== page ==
Verbal Assaults

  • Berating, belittling, criticizing, name calling, screaming, threatening
  • Excessive blaming, and using sarcasm and humiliation.
  • Blowing your flaws out of proportion and making fun of you in front of others. Over time, this type of abuse erodes your sense of self confidence and self-worth.

EQI: Understanding Abusive Relationships

No one intends to be in an abusive relationship, but individuals who were verbally abused by a parent or other significant person often find themselves in similar situations as an adult. If a parent tended to define your experiences and emotions, and judge your behaviors, you may not have learned how to set your own standards, develop your own viewpoints and validate your own feeling and perceptions. Consequently, the controlling and defining stance taken by an emotional abuser may feel familiar or even conformable to you, although it is destructive.

Recipients of abuse often struggle with feelings of powerlessness, hurt, fear, and anger. Ironically abusers tend to struggle with these same feelings. Abuser are also likely to have been raised in emotionally abusive environments and they learn to be abusive as a way to cope with their own feelings of powerlessness, hurt , fear, and anger. Consequently, abusers may be attracted to people who see themselves as helpless or who have not learned to value their own feelings, perceptions, or viewpoints. This allows the abuser to feel more secure and in control, and avoid dealing with their own feelings, and self-perceptions.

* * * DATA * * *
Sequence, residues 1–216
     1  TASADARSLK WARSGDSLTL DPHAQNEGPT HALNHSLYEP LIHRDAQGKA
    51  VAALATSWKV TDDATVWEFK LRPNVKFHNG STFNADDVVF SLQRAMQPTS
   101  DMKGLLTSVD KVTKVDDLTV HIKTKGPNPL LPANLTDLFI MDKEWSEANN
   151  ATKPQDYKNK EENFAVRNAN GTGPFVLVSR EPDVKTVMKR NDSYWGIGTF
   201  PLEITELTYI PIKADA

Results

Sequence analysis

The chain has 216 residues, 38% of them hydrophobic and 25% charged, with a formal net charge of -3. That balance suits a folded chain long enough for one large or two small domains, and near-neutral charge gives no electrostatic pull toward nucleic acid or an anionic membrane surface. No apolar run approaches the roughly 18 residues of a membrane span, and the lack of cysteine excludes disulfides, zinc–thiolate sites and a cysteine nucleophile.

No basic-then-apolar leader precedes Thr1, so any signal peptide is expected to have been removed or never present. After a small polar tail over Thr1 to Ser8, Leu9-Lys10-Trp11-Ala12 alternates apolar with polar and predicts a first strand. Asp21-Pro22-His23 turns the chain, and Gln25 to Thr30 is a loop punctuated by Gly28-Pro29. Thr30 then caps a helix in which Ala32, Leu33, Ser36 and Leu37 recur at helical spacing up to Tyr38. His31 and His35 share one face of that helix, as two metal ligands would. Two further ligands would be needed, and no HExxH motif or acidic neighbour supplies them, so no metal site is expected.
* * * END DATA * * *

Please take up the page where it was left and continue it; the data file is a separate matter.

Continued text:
Emotional abuse victims can become so convinced that they are worthless that they believe that no one else could want them. They stay in abusive situations because they believe they have nowhere else to go. Their ultimate fear is being all alone.

Understanding the pattern of your relationships, specially those with family members and other significant people, is a fist step toward change. A lack of clarity about who you are in relationship to significant others may manifest itself in different ways. For example, you may act as an “abuser” in some instances and as a “recipient” in others. You may find that you tend to be abused in your romantic relationships, allowing your partners to define and control you. In friendships, however, you may play the role of abuser by withholding, manipulating, trying to “help” others, etc. Knowing yourself and understanding your past can prevent abuse from being recreated in your life.

Reproduced from EQI with kind permission